Pottery Wheel Minimum Age

#1

A long time ago, I read some where that the minimum age to use the pottery wheel is 8 years old. I’ve been telling my daughter that. Now her 8th birthday is coming up real soon and she wants to spend the day of her 8th birthday with the pottery wheel.

Is the minimum age to use the pottery wheel still 8 years old?

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#2

I was always told that it was 10 and the child had to be accompanied by an adult.

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#3

The minimum age to use the wheel is not stated in the Ceramics policies on the MakeICT wiki. The one thing that is stated is that all users under the age of 16 must be accompanied by an adult. After a quick conversation with the leadership of the Ceramics department, the conclusion is; the age to use the wheel is more of a reflection on the accompanying parent. If the direct supervising parent has wheel experience then, 8 would be acceptable. Without a wheel experienced supervising parent, 10 would be a better starting age. One of the issues of using the wheel is the strength and control that is required to “make” the clay do what you want it to, young children may not have the physical presence to use the wheel effectively.

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#4

Thanks for the clarification!

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#5

It used to be age 10, I don’t think it was ever 8:
http://makeict.org/wiki/index.php?title=Ceramics&oldid=5849

Was the age removed on purpose or did it just sort of fall off?

I’ve kind of had a “no power tools until you’re 12 but talk to the area lead” talking point for new members because all the different ages we had floating around the space. This thread feels good though I like taking it on a case by case basis. I’ve had some old guys grumble at me “I was welding when I was five!” kinds of things and I just shrug.

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#6

Not in a makerspace, they didn’t. At least not one that’s still in business. :slight_smile:

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#7

When each of the areas was asked to update our wiki pages last year we removed the old specific detail about age and standardized with the overall MakeICT policy of children under the age of 16 being accompanied by an adult. This made the access policy simpler.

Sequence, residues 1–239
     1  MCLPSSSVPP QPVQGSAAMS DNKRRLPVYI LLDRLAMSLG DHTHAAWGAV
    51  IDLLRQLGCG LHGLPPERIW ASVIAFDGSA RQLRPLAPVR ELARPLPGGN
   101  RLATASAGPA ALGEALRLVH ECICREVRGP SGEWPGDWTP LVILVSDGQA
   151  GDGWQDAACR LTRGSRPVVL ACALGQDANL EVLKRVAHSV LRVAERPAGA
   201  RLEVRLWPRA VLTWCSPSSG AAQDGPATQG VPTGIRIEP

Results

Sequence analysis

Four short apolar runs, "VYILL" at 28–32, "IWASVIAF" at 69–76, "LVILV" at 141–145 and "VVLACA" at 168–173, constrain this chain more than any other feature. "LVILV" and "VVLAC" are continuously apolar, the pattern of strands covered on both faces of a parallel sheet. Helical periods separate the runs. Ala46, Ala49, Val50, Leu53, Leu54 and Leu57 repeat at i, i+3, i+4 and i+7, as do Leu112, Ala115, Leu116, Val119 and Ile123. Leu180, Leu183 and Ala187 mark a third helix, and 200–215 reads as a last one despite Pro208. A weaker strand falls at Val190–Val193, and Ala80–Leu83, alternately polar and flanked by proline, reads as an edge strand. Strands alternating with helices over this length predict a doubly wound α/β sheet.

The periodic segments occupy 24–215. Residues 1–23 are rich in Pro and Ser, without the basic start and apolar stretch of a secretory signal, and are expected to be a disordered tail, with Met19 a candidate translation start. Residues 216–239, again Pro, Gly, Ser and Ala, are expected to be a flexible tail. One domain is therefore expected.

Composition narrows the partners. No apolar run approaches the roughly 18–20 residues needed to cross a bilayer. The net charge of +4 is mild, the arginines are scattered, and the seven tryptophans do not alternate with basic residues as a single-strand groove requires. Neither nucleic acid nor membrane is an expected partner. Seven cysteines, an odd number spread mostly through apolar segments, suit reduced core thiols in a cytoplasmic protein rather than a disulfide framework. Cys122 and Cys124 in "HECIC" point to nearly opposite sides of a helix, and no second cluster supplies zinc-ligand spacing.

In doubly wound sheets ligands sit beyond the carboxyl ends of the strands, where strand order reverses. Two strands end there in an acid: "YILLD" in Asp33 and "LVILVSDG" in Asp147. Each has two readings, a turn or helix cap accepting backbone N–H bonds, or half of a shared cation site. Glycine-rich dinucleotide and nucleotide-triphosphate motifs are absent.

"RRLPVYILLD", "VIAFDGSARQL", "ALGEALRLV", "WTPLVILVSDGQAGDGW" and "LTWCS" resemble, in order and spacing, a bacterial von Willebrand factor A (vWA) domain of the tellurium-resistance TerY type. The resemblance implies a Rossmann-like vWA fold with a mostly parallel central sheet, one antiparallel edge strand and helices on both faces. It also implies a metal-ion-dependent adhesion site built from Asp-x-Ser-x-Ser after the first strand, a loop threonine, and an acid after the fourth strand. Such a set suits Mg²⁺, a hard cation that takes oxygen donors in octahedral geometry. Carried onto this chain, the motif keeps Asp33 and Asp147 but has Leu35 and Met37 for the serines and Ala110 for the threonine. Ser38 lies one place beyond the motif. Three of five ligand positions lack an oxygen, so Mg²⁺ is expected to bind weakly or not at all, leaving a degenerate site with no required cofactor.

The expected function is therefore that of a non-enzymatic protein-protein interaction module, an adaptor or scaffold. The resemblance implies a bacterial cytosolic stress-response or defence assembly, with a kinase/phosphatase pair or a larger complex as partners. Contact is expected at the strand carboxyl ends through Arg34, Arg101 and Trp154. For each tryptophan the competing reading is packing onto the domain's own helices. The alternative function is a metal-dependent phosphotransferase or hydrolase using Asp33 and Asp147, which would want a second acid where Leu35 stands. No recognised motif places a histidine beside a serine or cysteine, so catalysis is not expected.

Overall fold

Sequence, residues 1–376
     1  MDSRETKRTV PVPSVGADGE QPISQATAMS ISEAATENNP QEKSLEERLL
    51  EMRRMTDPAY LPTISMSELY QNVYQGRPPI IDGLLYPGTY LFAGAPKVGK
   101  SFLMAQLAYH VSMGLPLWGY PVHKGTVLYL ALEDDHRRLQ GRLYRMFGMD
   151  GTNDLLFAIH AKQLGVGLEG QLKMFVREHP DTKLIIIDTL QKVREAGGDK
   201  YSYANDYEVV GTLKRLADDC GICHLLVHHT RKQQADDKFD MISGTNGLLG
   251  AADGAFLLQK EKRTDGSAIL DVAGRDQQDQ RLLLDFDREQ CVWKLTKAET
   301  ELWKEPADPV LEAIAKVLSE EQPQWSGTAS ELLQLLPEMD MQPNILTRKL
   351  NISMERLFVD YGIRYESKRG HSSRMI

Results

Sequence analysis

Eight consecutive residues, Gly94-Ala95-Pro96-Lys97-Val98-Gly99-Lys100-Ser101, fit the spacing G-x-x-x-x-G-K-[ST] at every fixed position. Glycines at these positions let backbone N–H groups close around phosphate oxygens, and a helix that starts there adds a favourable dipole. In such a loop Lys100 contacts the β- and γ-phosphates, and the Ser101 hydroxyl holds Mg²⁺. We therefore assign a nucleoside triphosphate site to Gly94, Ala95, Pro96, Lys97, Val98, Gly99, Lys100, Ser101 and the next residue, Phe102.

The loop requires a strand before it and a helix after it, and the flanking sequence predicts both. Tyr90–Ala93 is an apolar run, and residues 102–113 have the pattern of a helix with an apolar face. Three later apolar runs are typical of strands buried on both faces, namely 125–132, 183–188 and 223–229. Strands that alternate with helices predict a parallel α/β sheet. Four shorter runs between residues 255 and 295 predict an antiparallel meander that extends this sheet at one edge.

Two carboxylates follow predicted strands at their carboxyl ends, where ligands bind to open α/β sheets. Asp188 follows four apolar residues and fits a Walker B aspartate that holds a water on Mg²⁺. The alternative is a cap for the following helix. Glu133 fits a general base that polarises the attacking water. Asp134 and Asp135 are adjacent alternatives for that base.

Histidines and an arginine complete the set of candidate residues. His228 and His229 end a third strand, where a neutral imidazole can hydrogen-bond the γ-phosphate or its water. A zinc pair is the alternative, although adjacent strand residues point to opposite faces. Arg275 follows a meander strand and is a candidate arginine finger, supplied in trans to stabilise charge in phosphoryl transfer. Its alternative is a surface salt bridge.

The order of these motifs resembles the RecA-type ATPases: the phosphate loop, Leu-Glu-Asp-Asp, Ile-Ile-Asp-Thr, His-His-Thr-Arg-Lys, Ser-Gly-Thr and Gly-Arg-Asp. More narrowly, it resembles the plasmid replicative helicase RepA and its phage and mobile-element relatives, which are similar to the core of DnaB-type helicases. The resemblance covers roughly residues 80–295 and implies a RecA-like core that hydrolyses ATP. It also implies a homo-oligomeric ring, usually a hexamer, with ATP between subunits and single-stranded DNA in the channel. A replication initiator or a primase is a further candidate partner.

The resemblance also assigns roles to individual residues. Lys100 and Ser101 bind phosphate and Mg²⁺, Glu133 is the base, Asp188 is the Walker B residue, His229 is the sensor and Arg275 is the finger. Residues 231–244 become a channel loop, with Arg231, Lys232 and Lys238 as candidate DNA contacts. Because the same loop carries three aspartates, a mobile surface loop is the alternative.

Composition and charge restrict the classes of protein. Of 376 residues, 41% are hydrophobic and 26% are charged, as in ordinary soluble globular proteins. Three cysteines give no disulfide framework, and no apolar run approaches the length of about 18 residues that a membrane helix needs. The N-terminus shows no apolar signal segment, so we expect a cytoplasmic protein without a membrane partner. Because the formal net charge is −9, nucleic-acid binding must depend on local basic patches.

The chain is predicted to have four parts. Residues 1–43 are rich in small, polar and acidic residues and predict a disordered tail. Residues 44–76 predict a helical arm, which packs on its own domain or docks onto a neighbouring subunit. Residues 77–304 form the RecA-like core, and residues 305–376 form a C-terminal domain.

When it comes to kids working with tools, and in particular power tools that can quickly cause injury, it’s hard to set a single age rule. So much depends on the experience and temperament of the child, and perhaps more importantly the experience of the adult supervising them. We don’t know how to make a rule that respects that without seeming like we’re being arbitrary or judging the parent / child.

When it comes to using the wheel, we want to be sure that everybody using the wheel has had some instruction in properly using it. We have Ceramics Tuesdays for this reason. It gives folks a chance to try it out and see if they want to do more on their own, or take one of our classes. Having a supervised introduction to the wheel will give you a chance to understand the amount of strength and dexterity involved and allow you to make a personal judgement about whether or not the wheel is a good fit for you. Folks of all ages are welcome on Ceramics Tuesday.

So… having said much, and little, we’ll propose this:

  • For children under the age of 16 who wish to use the wheel, we will need to approve on a case-by-case basis.
  • We expect the member who will be supervising the child to be experienced using the wheel at a level where they feel comfortable that they can objectively judge whether or not the child demonstrates the necessary strength, dexterity, and temperament to safely operate the wheel.
  • We would want to meet with the parent / guardian and child the first time they are in to supervise and help to make sure there are no issues.

Safety is our first concern. We want people making safely so they can have a great experience in the studio!

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Ceramics Wiki Page Updates 4/16/2019
#8

After some thought, my personal plan is to sign Olivia up for one of those beginner’s pottery wheel classes in which I will be present with her. I will also add a block under the pottery wheel pedal so the speed of the pottery wheel is limited. At the class, I can discuss Olivia’s readiness with the lead.

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